High throughput technologies, such as gene expression arrays and protein mass spectrometry, allow one to simultaneously evaluate thousands of potential biomarkers that distinguish different tissue types. Of particular interest here is cancer versus normal organ tissues. We consider statistical methods to rank genes (or proteins) in regards to differential expression between tissues. Various statistical measures are considered and we argue that two measures related to the Receiver Operating Characteristic Curve are particularly suitable for this purpose. We also propose that sampling variability in the gene rankings be quantified and suggest using the “selection probability function”, the probability distribution of rankings for each gene. This is estimated via the bootstrap. A real data set derived from gene expression arrays of 23 normal and 30 ovarian cancer tissues are analyzed. Simulation studies are also used to assess the relative performance of different statistical gene ranking measures and our quantification of sampling variability. Our approach leads naturally to a procedure for sample size calculations appropriate for exploratory studies that seek to identify differentially expressed genes.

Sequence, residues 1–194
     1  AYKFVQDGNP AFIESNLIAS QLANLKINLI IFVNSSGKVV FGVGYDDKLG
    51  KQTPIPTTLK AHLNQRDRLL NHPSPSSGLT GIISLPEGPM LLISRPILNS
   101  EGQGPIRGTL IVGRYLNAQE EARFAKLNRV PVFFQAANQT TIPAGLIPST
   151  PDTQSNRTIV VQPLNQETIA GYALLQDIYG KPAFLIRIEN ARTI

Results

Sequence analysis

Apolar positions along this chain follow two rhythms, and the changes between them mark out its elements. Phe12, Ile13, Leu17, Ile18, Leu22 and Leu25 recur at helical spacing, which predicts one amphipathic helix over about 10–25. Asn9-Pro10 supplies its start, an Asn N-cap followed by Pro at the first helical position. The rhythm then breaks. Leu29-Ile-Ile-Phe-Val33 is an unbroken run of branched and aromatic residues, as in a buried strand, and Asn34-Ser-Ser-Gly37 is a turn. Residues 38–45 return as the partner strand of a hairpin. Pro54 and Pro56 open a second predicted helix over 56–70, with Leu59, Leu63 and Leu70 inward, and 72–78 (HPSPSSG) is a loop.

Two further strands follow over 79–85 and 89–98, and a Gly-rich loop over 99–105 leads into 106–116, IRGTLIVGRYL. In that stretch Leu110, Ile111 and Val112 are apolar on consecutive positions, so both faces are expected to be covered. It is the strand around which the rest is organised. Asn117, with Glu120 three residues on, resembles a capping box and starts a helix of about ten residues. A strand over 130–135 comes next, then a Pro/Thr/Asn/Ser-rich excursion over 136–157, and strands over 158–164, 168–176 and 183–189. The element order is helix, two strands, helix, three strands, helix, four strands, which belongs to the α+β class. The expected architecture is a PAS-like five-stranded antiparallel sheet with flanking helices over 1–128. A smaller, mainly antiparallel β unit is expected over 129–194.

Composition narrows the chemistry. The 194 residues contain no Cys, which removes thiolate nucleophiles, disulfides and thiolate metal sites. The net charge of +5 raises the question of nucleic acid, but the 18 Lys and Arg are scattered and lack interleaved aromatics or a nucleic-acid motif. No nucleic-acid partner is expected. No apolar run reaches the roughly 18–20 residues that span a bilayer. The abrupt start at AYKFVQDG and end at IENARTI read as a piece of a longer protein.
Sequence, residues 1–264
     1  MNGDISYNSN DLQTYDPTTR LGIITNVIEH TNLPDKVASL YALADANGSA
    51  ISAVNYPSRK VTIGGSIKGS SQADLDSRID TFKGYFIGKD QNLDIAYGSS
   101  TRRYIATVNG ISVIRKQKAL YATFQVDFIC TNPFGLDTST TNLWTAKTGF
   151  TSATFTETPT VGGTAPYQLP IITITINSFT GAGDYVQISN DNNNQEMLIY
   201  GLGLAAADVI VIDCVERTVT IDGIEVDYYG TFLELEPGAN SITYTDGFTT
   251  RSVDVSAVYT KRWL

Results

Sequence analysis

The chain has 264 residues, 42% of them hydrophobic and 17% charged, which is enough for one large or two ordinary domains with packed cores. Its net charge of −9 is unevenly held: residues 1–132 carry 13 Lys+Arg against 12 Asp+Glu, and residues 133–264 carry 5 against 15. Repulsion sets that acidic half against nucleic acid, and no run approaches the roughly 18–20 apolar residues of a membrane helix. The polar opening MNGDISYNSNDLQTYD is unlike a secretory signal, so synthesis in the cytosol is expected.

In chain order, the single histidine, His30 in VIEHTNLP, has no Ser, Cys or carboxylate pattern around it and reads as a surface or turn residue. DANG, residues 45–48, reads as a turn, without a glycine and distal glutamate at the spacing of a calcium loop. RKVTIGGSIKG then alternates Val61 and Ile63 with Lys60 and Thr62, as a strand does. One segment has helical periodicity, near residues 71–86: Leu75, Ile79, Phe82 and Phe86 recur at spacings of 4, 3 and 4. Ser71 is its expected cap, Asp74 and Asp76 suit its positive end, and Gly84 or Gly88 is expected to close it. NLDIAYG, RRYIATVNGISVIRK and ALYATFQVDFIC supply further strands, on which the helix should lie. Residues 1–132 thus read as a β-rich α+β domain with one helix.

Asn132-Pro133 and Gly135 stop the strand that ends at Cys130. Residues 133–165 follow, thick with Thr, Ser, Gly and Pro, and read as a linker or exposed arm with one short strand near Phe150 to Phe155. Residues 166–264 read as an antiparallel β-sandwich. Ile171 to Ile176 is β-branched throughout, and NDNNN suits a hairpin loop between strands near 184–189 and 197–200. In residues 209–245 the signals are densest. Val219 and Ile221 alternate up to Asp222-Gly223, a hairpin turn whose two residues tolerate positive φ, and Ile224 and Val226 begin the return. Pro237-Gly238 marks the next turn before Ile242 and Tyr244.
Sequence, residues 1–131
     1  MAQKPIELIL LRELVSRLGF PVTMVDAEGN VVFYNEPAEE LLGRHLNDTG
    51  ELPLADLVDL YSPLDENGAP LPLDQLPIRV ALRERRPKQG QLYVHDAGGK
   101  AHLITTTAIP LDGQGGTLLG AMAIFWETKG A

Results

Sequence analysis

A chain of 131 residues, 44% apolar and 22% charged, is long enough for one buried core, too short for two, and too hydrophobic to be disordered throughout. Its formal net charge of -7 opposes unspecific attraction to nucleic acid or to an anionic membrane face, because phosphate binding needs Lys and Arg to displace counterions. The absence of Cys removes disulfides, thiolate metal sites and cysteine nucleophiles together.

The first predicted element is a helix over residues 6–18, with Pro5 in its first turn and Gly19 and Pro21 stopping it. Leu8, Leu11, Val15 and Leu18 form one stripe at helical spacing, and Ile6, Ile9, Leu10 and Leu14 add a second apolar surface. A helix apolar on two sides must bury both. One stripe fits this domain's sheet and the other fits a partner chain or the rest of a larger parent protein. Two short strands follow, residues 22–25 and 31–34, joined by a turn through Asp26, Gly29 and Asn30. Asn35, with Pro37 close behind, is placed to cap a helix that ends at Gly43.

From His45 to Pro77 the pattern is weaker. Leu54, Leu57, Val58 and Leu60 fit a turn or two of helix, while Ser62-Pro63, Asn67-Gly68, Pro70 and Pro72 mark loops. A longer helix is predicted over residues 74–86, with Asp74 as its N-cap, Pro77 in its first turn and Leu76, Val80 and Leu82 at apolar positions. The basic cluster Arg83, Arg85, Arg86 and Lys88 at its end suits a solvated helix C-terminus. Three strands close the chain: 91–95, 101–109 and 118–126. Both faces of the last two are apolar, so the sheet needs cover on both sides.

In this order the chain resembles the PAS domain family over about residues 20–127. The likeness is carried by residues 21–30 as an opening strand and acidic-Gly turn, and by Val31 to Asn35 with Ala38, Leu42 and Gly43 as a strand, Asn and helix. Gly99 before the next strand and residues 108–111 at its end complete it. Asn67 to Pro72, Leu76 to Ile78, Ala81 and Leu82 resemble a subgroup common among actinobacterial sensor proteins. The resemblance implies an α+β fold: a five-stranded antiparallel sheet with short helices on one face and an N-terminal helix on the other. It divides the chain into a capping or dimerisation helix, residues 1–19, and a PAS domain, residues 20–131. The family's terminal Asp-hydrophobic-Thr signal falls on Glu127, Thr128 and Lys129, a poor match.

Clinical Epidemiology | Genetics | Microarrays | Multivariate Analysis